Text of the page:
You will love every stage of the trip. You will feel the adrenaline while your brightly colored hot-air balloon is inflated, when you climb into the balloon’s basket, and you start to ascend into the air while hearing the roar of the gas flame.
The one-hour ride over one of the best-preserved Roman aqueducts in the world, and the rest of the historic constructions is one of the best things to do in Segovia, and it will allow you to capture exclusive panoramic photographs.
To finish the trip, you will receive as souvenirs the tour video in HD, photo and a flight certificate, and you will be taken to your hotel if you have chosen this option.
Book the trip now to guarantee the availability and get the best price. Don’t worry about the unexpected, you will get a full refund if you cancel at least 24 hours in advance, and in case of poor weather, you’ll be offered a different date or a full refund.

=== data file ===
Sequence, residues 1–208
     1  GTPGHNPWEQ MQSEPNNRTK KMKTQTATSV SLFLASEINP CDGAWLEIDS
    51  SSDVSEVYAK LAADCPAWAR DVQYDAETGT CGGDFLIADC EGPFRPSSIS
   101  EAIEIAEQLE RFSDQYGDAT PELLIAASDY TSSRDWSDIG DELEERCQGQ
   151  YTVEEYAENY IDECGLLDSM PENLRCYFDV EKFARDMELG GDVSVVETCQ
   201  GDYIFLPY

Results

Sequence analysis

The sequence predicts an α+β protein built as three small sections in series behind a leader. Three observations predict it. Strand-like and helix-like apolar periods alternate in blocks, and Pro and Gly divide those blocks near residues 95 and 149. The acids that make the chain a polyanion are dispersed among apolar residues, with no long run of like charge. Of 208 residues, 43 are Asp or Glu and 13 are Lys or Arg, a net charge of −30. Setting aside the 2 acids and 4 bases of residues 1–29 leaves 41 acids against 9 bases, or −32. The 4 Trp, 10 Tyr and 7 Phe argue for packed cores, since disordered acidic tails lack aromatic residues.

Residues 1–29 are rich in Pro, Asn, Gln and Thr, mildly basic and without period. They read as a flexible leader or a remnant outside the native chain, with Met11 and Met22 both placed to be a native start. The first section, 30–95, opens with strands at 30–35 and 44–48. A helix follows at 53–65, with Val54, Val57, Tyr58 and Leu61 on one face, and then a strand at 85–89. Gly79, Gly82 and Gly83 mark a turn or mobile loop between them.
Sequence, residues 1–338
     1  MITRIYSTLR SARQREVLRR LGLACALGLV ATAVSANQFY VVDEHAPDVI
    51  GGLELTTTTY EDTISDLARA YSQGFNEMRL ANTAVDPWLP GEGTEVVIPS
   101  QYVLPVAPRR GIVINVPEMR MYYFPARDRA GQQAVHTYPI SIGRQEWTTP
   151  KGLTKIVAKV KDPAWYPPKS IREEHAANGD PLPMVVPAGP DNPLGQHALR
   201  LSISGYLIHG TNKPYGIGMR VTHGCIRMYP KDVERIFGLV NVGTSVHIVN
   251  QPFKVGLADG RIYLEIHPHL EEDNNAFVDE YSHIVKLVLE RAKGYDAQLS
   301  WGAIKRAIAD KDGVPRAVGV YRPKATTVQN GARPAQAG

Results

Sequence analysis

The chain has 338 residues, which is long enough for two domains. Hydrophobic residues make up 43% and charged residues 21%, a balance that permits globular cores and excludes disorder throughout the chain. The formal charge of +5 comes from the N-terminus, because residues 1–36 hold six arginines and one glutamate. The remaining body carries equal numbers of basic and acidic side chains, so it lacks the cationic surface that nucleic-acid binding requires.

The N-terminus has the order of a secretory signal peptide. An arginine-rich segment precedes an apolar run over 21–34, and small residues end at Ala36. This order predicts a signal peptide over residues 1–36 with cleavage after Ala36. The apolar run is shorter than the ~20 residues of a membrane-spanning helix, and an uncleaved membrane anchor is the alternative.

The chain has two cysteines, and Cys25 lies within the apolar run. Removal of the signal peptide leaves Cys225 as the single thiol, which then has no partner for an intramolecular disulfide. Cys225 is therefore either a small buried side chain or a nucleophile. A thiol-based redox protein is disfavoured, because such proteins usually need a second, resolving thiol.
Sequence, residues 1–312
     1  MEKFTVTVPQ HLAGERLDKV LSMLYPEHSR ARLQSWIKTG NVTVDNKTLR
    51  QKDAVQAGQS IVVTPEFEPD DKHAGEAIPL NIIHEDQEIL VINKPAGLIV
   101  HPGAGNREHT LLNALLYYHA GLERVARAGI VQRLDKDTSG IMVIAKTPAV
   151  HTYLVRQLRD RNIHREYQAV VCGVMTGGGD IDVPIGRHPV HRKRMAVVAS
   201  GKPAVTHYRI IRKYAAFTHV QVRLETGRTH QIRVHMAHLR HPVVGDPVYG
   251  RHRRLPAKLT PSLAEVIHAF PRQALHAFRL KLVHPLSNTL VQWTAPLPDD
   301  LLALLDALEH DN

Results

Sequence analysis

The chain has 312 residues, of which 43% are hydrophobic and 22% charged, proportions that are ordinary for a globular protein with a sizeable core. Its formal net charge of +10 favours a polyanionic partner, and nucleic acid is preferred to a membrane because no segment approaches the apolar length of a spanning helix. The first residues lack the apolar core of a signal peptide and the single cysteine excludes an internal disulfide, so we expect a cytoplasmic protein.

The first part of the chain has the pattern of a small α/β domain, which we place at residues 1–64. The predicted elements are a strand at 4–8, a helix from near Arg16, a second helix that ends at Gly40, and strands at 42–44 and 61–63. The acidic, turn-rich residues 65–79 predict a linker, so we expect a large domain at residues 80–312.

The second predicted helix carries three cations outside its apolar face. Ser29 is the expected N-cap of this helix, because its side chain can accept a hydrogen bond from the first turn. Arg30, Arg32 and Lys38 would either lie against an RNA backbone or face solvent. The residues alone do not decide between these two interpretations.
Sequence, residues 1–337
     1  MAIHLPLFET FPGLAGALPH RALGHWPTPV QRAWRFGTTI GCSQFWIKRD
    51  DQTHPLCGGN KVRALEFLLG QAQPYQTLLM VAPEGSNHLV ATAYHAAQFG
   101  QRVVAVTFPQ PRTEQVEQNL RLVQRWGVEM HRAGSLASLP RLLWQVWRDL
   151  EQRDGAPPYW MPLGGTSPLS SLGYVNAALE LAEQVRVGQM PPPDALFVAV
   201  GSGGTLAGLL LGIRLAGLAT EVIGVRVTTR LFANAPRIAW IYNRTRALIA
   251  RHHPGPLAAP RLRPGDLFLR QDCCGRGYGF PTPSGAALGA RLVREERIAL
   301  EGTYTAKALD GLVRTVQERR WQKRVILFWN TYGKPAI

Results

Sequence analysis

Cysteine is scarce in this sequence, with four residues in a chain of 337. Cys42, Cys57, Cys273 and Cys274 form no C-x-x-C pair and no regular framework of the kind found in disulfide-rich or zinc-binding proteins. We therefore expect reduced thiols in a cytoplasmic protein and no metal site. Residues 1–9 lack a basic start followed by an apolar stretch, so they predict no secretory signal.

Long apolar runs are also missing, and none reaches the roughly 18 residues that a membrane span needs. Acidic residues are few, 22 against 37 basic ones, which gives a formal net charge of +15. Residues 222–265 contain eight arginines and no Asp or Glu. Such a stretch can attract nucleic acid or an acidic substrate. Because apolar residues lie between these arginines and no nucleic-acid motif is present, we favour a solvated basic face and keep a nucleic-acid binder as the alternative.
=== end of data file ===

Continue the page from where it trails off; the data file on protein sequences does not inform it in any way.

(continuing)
Segovia and Toledo Full day trip
This full-day tour visits two UNESCO World Heritage-listed cities in one day, Segovia and Toledo departing from Madrid.
Visitors will discover the most remarkable landmarks of Segovia, previously mentioned in this post, and Toledo, like the Cathedral and sacred Monastery of San Juan de los Reyes.
You will love the guided walking tour through the medieval city of Toledo and the amazing landmarks of Segovia.
At the end of the day, return to your vehicle, and relax during the journey back to Madrid, where the Toledo and Segovia tour concludes.
Segovia and Avila Full day trip
Discover both cities Ávila and Segovia on this full-day tour from Madrid.
Visitors will be able to explore these sensational cities on a guided walking tour in English around Segovia and Avila, a beautifully preserved medieval city which was the birthplace of the Spanish mystic Saint Teresa, in the 16th century.